NAGOYA - The Tokugawa Art Museum in Nagoya has discovered underdrawings that differ from the finished paintings on three sections of a 15-section remnant of the "Genji Monogatari Emaki," or "The Picture Scroll of the Tale of Genji."
The museum found underdrawings whose composition or elements differ from paintings of the final pictorial rendition of the "Tale of Genji" in the process of restoring the remnant. The museum owns the 15-section part of the scroll, a national treasure.
One of the scenes that differ from the actual paintings depicts protagonist Hikaru Genji, a son of an ancient Japanese emperor, holding his second son, Kaoru, in his arms during a celebration marking the 50th day since his birth. The underdrawing of the scene depicts Kaoru stretching his arms toward Genji's face, although his arms are not visible in the actual scene.
"The scene depicts the complicated feelings of Genji, who knows Kaoru is not his son but the son of his adultrous wife's lover," an official at the museum said. "It's a precious discovery that shows the trial-and-error production process of the creator to convey the intention of the original story."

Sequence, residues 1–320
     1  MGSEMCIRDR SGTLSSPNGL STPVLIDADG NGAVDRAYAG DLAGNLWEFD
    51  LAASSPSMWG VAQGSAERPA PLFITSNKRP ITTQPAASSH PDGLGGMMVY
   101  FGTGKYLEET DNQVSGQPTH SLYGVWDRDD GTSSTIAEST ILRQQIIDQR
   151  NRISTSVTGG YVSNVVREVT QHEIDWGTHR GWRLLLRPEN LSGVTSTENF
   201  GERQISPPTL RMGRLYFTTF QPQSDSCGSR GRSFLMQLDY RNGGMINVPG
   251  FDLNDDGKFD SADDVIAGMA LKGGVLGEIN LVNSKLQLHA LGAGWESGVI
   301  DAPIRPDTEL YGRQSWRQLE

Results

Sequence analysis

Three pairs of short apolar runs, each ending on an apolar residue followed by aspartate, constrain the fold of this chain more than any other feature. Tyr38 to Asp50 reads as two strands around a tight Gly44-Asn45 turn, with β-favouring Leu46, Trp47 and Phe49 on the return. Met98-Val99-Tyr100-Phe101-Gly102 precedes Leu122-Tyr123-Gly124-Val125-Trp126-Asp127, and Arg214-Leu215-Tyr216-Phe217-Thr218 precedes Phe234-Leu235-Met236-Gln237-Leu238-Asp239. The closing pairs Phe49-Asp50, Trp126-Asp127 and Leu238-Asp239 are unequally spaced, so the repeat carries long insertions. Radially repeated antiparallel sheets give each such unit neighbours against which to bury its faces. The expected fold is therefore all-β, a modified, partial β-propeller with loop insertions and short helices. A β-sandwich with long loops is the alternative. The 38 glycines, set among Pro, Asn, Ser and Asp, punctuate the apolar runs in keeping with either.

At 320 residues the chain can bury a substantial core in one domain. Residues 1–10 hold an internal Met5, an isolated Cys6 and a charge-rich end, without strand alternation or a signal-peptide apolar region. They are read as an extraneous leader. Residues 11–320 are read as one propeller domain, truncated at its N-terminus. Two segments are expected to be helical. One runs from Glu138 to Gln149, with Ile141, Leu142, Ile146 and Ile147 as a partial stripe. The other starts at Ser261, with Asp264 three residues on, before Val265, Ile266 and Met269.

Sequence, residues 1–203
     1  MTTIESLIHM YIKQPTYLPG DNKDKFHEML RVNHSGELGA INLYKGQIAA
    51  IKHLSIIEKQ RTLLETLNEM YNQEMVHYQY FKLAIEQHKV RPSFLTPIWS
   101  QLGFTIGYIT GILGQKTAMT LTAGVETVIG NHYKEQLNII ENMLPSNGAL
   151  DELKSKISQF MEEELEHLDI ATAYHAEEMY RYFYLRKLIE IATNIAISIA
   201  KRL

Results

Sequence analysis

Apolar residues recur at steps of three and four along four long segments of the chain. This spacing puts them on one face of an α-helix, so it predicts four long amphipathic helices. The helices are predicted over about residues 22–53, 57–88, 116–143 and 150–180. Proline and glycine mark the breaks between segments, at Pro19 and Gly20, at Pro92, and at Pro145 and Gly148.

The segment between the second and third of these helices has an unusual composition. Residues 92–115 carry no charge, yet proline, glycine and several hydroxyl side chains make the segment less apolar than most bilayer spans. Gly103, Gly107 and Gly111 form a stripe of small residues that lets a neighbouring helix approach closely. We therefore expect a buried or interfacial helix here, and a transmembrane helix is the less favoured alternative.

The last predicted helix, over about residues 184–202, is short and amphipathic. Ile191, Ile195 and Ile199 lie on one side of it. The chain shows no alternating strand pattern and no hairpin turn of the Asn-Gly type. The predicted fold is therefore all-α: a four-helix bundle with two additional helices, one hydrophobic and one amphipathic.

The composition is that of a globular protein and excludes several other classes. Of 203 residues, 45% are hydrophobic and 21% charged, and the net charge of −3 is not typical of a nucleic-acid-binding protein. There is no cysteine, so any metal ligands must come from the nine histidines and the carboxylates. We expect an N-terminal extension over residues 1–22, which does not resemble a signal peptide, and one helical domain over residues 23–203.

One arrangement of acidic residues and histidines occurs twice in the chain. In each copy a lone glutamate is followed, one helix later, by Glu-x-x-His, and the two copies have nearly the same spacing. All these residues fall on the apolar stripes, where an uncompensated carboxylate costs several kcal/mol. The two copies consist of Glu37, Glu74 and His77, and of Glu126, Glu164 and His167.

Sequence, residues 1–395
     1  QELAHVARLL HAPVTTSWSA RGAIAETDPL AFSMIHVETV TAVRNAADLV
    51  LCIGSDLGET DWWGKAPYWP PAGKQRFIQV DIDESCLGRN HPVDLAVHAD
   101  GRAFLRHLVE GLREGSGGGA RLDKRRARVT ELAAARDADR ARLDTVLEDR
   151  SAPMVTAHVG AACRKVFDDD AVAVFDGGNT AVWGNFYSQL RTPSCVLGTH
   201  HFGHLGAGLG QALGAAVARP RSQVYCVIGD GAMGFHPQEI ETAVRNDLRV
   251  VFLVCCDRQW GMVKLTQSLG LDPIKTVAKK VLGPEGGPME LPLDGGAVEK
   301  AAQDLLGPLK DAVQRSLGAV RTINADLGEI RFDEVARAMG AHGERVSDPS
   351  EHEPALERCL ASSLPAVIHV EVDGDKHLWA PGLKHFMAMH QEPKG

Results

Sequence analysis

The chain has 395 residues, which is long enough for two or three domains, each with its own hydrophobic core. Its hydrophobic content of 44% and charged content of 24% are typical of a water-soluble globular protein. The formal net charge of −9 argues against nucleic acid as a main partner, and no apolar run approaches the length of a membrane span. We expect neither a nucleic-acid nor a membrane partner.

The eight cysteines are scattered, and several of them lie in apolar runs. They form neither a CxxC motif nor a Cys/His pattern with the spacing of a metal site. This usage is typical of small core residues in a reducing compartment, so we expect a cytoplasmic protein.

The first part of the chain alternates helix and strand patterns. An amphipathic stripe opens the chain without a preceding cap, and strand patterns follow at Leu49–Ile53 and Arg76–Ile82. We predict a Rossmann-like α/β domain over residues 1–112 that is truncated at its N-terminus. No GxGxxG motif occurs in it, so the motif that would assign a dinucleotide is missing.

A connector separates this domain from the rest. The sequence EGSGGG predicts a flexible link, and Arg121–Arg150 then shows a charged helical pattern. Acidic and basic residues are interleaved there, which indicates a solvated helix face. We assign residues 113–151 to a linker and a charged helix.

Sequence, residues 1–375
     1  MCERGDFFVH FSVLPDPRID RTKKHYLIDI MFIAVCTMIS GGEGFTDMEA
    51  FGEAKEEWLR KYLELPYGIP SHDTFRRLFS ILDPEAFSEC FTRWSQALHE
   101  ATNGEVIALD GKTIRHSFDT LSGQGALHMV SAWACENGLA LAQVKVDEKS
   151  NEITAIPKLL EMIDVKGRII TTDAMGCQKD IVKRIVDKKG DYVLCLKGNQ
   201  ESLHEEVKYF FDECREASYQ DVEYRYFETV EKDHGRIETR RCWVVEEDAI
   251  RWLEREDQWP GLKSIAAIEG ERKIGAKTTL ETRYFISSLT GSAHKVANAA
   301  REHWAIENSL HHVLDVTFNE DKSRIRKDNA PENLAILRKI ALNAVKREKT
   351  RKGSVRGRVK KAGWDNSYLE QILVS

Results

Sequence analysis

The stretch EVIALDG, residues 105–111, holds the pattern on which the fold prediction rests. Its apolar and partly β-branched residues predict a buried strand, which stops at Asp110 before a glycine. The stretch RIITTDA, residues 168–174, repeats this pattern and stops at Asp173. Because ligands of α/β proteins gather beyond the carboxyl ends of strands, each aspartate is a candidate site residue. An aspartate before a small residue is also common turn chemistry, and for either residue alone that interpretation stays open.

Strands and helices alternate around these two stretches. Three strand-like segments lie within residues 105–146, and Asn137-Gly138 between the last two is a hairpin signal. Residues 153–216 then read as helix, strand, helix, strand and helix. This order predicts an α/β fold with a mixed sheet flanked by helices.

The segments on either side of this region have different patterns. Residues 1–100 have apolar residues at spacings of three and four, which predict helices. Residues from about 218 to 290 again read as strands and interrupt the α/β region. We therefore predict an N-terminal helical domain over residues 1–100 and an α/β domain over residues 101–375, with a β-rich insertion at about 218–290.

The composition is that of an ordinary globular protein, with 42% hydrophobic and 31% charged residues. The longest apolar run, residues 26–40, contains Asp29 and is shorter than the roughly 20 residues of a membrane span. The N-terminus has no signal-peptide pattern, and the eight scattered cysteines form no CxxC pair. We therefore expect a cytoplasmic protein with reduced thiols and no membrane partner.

The scroll remnant is believed to have been produced in the first half of the 12th century together with a four-section remnant owned by the Gotoh Museum in Setagaya Ward, Tokyo. It is the nation's oldest surviving picture scroll.
The Tokugawa museum, which announced the discovery on Nov.13, started restoring its part of the scroll three years ago for the first time since the Edo period (1603-1867) because the colors had faded and the scroll paper had deteriorated.
The museum examined the scroll with infrared scans and other means after the existence of what appeared to be underdrawings was confirmed. Underdrawings that differ from the finished scroll were found in three sections.
Museum official Hideki Yotsutsuji said the serious scene meant to show Genji's agony over the birth of the child might have been changed because the cuteness of the image of the baby's arms stretched toward Genji may have been emphasised too much.
The museum is exhibiting all 19 extant sections of the picture scroll for the first time in 10 years through Dec. 6.